For the most part, activity is better than inactivity.

For the most part, activity is better than inactivity. You wouldn’t want an active disease in your body, or we wouldn’t want to have to deal with an active terrorist cell, to list a couple examples going against the active-is-better-than-inactive notion, but if you simply think about the health of a person or a community or society, more activity leads to more positive things, as opposed to long stretches of inactivity, of doing nothing.

    Which brings us to Crookston at this particular moment in time, and the amount of activity going on. The boisterous and abundant activity that’s spurred this editorial today generally relates to construction projects, whether something is being built new, repaired and/or improved.

    Of course, there’s always a fair amount of constructed-related activity around these parts in the summer. This is northern Minnesota, after all, so there is a compressed “construction season” that can lead to a lot going on at once.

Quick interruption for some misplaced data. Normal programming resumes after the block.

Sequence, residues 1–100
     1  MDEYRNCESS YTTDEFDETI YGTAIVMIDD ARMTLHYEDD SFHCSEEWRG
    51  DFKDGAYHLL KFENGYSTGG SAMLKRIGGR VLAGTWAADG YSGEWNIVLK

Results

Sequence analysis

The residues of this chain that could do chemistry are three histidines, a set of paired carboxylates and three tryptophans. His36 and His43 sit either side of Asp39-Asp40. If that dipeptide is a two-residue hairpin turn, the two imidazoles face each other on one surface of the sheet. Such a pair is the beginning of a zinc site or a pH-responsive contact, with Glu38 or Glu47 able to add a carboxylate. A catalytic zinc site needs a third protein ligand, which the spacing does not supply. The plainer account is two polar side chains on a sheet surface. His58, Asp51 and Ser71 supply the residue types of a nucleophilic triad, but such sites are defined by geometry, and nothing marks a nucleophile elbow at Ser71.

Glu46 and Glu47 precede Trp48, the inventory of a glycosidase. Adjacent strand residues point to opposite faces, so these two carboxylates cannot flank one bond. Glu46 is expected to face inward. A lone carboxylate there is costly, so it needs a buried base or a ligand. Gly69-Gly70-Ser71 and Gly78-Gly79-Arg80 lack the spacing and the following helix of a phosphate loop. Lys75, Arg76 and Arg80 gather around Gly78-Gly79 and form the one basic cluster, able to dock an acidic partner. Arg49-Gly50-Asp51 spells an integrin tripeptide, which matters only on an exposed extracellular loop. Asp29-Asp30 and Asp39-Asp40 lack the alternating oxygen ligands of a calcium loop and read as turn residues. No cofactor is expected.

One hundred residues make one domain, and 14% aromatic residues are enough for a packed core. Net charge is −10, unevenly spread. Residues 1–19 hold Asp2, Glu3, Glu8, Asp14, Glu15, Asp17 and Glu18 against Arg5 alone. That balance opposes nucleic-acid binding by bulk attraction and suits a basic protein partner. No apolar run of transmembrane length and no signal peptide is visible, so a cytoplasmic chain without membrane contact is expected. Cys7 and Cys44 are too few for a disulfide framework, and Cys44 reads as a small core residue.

But, still, if the level of observable construction activity in a community the size of Crookston is a sign of good things, then Crookston is in a pretty good place right now.

    It’s all right there before our eyes:

    • The frontage road in front of McDonald’s is being rebuilt.
    • A project by Otter Tail Power Company on both sides of University Avenue will eventually result in all of the above-ground electricity poles being removed.
    • A large new sidewalk is being put it at the main entrance to Crookston High School.
    • A concrete path is being installed at the top of Landslide Park near Groveland Avenue, where a 60-foot tall flag pole and U.S. flag donated by Kirk Luckow will soon be raised.
    • Several streets all over town are being sealcoated by City Public Works crews.
    • Agassiz Townhomes on North Broadway near Fisher Avenue continues to take shape.
    • Homes at the end of Hoven Lane behind Dairy Queen are being built.
    • A water main is being repaired on the portion of North Broadway near downtown known as the “courthouse hill.”

    If you take a few moments and meander off of Crookston’s main drags, you’ll see even more things happening, mostly in the realm of homes being built, and neighborhood streets being rebuilt or repaired, etc.

    It’s an active community, and there’s no disputing that it’s better than the alternative.
– Mike Christopherson